The water legislation is in place and is in line with the acquis, except for the recent framework acquis on water, which needs to be adopted by the time of accession. In July 2001, legislation was adopted on drinking water. However, drinking water monitoring needs to be enhanced and administrative capacity in this area reinforced. Programmes for dangerous substances need to be finalised and adopted. An order on the protection of water against nitrates has been approved, as has an action plan for the reduction of fluoride in drinking water. However, the fluoride problem still has to be resolved. A transitional arrangement up to December 2009 has been agreed for urban wastewater.

With regard to waste management, transposition of the Community legislation is complete. The Lithuanian regulations are in line with the acquis, except for those on end-of-life vehicles and PCB/PCT, which need to be completed by accession. Implementation needs to be improved by strengthening monitoring bodies and structures, particularly at regional and local level. The preparation of waste management plans and the setting-up of a supervision system for waste shipments need to be completed by 1 May 2004. A permit and deregistration system for end-of-life vehicles also needs to be set up by accession. The establishment of collection systems and recovery and disposal facilities needs to continue. Particular attention needs to be paid to the management of hazardous waste. Transitional arrangements up to December 2006 have been agreed for packaging waste.

In relation to industrial pollution, the legislation is in place and is in line with the acquis, except for the recent acquis on large combustion plants, national emission ceilings and major accident hazards, which needs to be transposed by 1 May 2004. Permits for installations subject to the rules on integrated pollution prevention and control (IPPC) need to continue to be issued. The administrative capacity to issue integrated permits for IPPC installations needs to be stepped up. Transitional arrangements up to 2015 have been agreed for certain large combustion plants.

In air protection, the legislation is in place and is in line with the acquis. However, the identification of zones and agglomerations where thresholds are exceeded needs to be re-evaluated by accession. As regards monitoring capacity in the air sector, a list of necessary laboratory equipment as well as an investment plan were approved in April 2002. However, air quality monitoring needs to be enhanced. Traffic counters/classifiers for assessment of emissions from cars in cities have been acquired. Transitional arrangements up to December 2007 have been agreed for certain installations in respect of volatile organic compound emissions from the storage and distribution of petrol.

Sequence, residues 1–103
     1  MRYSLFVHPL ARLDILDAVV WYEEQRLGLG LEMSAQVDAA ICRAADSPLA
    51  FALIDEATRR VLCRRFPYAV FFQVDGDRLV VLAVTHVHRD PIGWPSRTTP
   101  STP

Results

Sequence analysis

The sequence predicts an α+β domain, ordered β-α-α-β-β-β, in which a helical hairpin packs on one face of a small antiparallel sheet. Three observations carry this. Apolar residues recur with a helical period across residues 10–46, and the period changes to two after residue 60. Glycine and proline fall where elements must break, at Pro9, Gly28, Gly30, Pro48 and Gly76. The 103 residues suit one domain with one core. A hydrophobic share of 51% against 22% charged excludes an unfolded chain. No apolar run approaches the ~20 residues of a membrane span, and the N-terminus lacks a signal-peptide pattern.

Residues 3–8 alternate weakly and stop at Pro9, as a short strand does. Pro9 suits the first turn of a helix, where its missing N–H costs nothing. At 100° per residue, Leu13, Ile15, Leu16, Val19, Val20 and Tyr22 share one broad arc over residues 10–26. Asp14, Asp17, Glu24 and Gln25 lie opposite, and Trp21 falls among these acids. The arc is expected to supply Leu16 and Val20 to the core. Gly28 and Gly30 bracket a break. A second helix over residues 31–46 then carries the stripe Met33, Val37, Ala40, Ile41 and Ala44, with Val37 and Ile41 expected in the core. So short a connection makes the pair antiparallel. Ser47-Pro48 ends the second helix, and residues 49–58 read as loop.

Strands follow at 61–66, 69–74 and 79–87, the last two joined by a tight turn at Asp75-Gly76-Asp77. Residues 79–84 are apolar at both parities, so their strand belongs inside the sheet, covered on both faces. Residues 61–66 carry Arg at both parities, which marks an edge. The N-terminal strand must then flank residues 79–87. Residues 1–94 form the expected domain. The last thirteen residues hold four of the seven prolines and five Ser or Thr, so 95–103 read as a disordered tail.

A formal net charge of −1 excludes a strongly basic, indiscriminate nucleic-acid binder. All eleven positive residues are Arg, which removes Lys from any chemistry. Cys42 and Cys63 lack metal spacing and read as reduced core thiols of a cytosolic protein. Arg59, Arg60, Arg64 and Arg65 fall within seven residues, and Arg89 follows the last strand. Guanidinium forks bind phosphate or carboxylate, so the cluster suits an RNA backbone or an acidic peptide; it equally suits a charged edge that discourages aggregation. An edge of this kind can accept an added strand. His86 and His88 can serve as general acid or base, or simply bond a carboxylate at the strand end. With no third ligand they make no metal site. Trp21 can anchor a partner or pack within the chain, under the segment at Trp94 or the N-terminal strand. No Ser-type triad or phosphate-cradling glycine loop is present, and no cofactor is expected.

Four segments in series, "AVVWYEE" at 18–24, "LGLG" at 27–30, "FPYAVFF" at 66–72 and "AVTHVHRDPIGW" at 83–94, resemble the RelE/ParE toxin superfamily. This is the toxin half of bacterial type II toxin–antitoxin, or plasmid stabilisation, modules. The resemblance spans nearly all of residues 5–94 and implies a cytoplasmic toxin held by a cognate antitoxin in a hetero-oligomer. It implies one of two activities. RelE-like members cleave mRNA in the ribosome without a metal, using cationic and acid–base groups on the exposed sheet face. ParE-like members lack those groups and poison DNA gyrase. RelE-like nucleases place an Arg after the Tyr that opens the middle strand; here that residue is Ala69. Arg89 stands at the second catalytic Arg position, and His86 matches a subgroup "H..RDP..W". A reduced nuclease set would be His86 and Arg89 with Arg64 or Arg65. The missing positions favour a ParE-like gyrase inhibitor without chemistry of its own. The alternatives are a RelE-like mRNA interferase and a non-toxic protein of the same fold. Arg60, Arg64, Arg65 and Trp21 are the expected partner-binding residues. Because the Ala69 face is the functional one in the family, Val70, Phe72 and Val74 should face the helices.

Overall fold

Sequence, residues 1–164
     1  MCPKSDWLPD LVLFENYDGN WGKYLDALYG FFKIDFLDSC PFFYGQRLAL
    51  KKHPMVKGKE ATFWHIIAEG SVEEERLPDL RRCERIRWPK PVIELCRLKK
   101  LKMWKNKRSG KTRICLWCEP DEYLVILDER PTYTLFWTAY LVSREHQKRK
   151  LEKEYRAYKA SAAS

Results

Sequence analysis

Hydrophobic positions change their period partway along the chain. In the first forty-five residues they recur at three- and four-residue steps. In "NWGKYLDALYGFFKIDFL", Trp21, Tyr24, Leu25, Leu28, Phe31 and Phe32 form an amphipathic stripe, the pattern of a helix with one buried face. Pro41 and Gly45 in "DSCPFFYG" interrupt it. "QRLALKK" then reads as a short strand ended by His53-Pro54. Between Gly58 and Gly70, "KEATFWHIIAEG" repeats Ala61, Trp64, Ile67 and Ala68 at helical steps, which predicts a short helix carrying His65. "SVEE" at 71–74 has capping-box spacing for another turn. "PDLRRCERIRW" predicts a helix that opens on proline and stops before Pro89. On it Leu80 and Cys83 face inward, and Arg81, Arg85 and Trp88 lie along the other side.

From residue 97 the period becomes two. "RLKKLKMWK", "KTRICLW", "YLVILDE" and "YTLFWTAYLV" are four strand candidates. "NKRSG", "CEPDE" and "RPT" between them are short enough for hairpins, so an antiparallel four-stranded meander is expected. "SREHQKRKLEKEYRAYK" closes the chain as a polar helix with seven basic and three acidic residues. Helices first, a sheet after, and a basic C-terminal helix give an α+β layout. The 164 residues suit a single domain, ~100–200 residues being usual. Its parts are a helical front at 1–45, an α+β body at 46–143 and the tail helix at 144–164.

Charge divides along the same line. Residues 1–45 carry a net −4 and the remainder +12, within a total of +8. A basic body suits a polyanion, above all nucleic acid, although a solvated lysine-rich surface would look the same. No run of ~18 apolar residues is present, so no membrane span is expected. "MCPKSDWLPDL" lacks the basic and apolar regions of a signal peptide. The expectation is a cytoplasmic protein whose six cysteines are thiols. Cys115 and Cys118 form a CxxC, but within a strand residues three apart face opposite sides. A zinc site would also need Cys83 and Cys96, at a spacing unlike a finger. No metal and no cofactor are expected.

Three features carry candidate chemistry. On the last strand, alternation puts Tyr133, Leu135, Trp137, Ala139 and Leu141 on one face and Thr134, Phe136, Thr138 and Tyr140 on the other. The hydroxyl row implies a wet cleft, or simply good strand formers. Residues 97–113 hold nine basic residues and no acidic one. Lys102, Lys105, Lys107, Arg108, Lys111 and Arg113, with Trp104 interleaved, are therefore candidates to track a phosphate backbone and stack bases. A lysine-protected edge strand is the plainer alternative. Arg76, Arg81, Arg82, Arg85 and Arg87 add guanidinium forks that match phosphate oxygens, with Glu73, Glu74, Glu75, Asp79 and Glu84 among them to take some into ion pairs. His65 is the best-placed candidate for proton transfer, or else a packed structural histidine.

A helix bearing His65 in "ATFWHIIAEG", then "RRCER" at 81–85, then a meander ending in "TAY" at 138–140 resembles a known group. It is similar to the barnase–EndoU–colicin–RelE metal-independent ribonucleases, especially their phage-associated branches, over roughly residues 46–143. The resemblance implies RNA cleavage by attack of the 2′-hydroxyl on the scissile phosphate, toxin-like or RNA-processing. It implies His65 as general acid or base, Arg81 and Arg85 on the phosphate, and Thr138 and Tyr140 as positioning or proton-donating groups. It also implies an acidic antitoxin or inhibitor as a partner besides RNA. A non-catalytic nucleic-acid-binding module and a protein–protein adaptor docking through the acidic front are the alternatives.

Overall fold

The acquis on chemicals and genetically modified organisms (GMOs) has been transposed. The legislation is in line with the acquis except for the provisions on biocides. Coordination between the organisations involved needs to be further enhanced.

Lithuania is now fully in line with the requirements for the protection of experimental animals.

Regarding nature protection, the legislation is in place and is in line with the acquis, except for implementing legislation on habitats and birds. Further efforts are needed to finalise the preparation of a list of proposed sites of Community interest and the designation of special protection areas. Administrative capacity at local and regional levels needs to be further stepped up. Lithuania has ratified the Convention on International Trade in Endangered Species of Wild Fauna and Flora (CITES). An order has been adopted on the import, export, re-export of wild animals and trade therein.

In relation to radiation protection and nuclear safety, legislative alignment has been completed and the legislation is in line with the acquis. In January 1999 the Seimas (the Lithuanian Parliament) approved a law on radiation safety and in May 1999 it passed a law on the management of radioactive waste. An agency will be responsible for the safe storage of such waste. An agreement on the exchange of radiation monitoring data between countries of the Nordic and Baltic Sea Region has been ratified.

As regards noise, transposition is proceeding according to schedule and the legislation is in line with the acquis, except for the recent acquis on ambient noise, which needs to be adopted by July 2004.

The administrative capacity of the Environment Ministry has been improved. Training programmes for inspectors and for local staff have been developed and implemented.

The cost of full implementation of the environmental acquis is estimated at around EUR 1 billion.

Lithuania is participating in the European Environment Agency and the European Environment Information and Observation Network.

Negotiations on this chapter have been closed.

This summary is for information only and is not designed to interpret or replace the reference document.

 
Last updated: 12.02.2004